Weeding Through the Customer Experience Gap
Aaron Perlut | Partner

A recent article in Campaign by Lindsay Stein focuses on the customer experience gap. She cites SAP Chief Marketing Officer Alicia Tillman who says, “…we live in an experience economy and what that means is business is won or lost based on the experience we deliver to our customers.”

That experience is often driven by service, as no matter how good your product may be, service can determine whether a consumer returns another time, rants on Twitter about you, leaves a positive or scathing online review or tells a friend all about their experience, good or bad.

We see this first-hand each day in our work leading social media customer care for brands like MattressFirm and Spectrum Communications among others. Our response efficacy to a consumer screaming on Twitter about a cable outage or a faulty mattress might be the difference between thousands upon thousands of dollars in sales.

CEOs seem to recognize its importance, and, as Stein notes, 80 percent of them today believe their brands deliver an exceptional customer experience. However, just eight percent of customers agree with that.

It’s not hard to find brand experience examples on either end of the pendulum — from the simplicity of Amazon’s online user interface to the appalling customer service and wait time at the Starbucks in Terminal 2 at St. Louis Lambert International Airport to the consistent end-to-end customer focus of every aspect of Southwest Airlines’ operations.

So if there is a wide gap and corporate America simply can’t get its shit together, beyond Southwest Airlines, where should leaders look for examples to help them rebound and improve? What brands or companies are really doing customer experience the right way?

Try weed. No, not my front yard. I mean marijuana. No, seriously.

If you are having a customer experience problem, visit a marijuana dispensary — even if you don’t want to purchase products — in any one of the 11 U.S. states where THC is legalized for recreational use like Colorado or California or Nevada and even Guam. I hear (ahem) they are remarkable examples of high quality customer experience and most share a few common characteristics:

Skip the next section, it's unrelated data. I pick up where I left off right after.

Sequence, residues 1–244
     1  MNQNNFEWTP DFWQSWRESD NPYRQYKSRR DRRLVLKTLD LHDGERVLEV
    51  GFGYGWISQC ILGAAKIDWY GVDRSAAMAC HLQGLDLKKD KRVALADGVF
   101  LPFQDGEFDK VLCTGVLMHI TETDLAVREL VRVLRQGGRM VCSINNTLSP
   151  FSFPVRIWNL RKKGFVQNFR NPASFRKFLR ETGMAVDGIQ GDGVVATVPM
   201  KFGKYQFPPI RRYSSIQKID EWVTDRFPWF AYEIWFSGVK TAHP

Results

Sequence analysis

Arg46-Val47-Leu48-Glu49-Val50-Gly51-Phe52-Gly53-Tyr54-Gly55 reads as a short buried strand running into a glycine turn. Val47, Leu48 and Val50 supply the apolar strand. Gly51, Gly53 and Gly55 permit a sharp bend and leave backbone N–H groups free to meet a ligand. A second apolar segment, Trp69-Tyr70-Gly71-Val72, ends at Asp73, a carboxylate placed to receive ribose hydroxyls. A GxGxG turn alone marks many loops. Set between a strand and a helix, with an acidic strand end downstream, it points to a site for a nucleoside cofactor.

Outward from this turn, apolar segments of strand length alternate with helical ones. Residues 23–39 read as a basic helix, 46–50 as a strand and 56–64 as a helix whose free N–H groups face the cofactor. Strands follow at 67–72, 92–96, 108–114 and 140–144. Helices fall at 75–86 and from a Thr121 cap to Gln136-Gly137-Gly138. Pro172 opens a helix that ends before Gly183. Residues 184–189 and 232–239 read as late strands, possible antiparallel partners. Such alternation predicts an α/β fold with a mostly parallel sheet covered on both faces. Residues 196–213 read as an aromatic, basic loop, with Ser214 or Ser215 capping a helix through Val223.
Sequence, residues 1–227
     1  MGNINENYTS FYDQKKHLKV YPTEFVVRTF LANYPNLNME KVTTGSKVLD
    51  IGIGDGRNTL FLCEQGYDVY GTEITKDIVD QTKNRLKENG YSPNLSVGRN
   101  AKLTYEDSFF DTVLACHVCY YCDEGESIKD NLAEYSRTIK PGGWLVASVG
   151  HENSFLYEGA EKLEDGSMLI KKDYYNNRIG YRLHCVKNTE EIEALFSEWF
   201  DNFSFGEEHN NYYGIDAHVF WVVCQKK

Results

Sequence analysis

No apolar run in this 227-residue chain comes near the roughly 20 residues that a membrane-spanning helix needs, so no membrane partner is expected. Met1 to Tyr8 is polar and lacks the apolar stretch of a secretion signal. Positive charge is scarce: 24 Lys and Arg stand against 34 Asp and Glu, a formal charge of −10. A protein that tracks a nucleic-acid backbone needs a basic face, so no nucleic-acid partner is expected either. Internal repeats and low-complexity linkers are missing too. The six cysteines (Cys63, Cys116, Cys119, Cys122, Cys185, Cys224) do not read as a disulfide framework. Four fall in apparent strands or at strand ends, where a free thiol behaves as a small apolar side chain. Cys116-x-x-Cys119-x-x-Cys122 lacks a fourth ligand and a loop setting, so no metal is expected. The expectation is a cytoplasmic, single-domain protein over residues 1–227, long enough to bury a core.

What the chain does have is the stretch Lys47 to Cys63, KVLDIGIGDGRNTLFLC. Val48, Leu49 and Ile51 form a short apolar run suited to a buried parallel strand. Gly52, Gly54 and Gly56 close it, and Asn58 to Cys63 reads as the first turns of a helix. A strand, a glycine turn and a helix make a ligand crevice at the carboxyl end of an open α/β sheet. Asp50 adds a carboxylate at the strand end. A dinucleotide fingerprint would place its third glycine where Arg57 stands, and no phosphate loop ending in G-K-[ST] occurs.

Kindness: Who doesn’t want a kind human being to welcome them when walking into a store? And as you must show identification, most greet you immediately — and always kindly — as they check your ID and send you to a clerk or help you themselves depending on the size of the dispensary.

Knowledge: If you ever want to learn about marijuana, just speak with a clerk in a dispensary. Not only are they remarkably knowledgeable about the products they sell — they can put Apple store employees to shame, which is a high bar — but they do it with great patience and kindness, even if you’re that annoying customer who asks 98 questions the rest of us hate.

Efficiency: The former CEO of the pioneering indoor retail mapping platform aisle411 used to tell me that consumers want to come into a store and “get in, get out and get on with their lives.” And typically you can spend as much or as little time as you need in a dispensary while getting exactly what you need. The employees are simply so well versed in what they are selling and they do it with great kindness, the process is efficient.

If you’re the CEO of The Gap (and I’m not really calling you out, Art Peck, your company was just the first retail brand that jumped into my head), go on a fact-finding mission to a marijuana dispensary. No, seriously, do it. You’ll thank me, and if you want, pick up some Willie’s Reserve while you’re there. I hear (ahem) it’s a quality product.

Aaron Perlut

A former senior Omnicom (FleishmanHillard) counselor and communications executive for two of the nation’s largest energy companies, Aaron has spent more than 20 years in media and marketing helping a range of organizations — from Fortune 500s to professional sports franchises to economic development authorities to well-funded startups to non-profits — manage reputation and market brands in an evolving media environment.

An early adopter in the social media space, creating online communities and working closely with bloggers before they became accepted in mainstream media, Aaron develops unique marketing communications and reputation management strategies meant to break through the clutter of today’s crowded media environment that straddle both new and traditional media realms and has counseled organizations including H&R Block, Capital One, the St. Louis Regional Chamber, CafePress, the National Football League, aisle411, SunEdison, LockerDome, UPS, Anheuser-Busch InBev, Charter Communications, Papa John’s, and the Karate Kid Haircut Association.

He began his career as a television producer and continues to contribute to media including AdWeek, ForbesSocialMediaToday, VentureBeat, HuffingtonPost, ESPN.com and other outlets.

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